Next to a busy tram stop called Weltpostverein in Bern, is a grey office block straight out of the 1960s. The stop attracts a steady stream of foreign delegates using the number three tram but many of the area's residents are unaware as to why this building draws people from all over the world. The same people tend to believe that the name of the tram stop refers to an institution that no longer exists.
In fact, the oblong building is the Universal Postal Union, and it is very much alive despite its position as the second oldest international organisation in the world. In some ways, the UPU is also "the most Swiss" of all UN agencies because of Switzerland's role in shaping modern postal history.
It was in the Swiss capital that UPU's founding stone was laid in 1874. The organisation was born at a time when postal delivery had fallen into chaos, requiring drastic action.
Until the end of the 19th century, international postal deliveries were governed by an unruly mess of bilateral agreements between countries.
"The world then was very different. Bilateral agreements between the countries were very fragile because each side decided if there was an interest for them or not," says Edouard Dayan, the UPU's current director-general.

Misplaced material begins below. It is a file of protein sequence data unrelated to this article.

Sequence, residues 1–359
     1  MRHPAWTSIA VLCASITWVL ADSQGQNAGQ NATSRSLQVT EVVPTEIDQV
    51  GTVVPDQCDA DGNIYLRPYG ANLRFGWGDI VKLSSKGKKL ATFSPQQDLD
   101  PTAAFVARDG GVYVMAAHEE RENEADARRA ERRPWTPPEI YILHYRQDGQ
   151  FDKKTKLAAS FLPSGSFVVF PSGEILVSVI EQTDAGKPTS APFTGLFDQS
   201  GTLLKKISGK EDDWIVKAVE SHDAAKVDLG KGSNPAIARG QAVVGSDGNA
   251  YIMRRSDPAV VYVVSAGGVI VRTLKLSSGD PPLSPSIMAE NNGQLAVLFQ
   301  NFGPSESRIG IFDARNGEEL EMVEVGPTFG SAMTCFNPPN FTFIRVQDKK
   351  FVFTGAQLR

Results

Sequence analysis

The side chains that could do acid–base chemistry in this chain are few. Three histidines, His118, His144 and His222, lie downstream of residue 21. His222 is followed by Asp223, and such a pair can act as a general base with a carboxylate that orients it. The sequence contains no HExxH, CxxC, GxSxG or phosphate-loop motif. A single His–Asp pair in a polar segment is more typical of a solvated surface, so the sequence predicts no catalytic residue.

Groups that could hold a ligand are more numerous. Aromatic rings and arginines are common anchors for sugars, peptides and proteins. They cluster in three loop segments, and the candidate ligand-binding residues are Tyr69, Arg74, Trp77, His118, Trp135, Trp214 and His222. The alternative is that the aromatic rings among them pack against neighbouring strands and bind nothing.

These treaties regulated payment, which in those days was paid by the recipient.
As time went on, these became increasingly complicated because of differences in currencies, national carrying rates and other charges. It was a system characterised by uncertainty and inconsistencies.
In mainland Europe, the 'Thurn and Taxis' system used 20,000 messengers to carry government and private mail along postal routes in Spain, Germany, Austria, Italy, Hungary, and the Belgium and Netherlands area. However, with the rise of strong nation-states, governments increasingly wanted a monopoly on mail services.
Certain countries went on to simplify postal delivery. The most significant reform took place in Britain where prepaid postage and uniform delivery rates were introduced in 1840. Soon afterwards, the world's first postage stamp, the Penny Black, was issued in Blighty.
Amid the reigning chaos in other countries, the Swiss government stepped in and organised an international conference in Bern in September 1874, believing it was high time to organise reforms on a global level.
Delegates from 22 nations met to discuss proposals to simplify the situation. The main outcome was the establishment of a...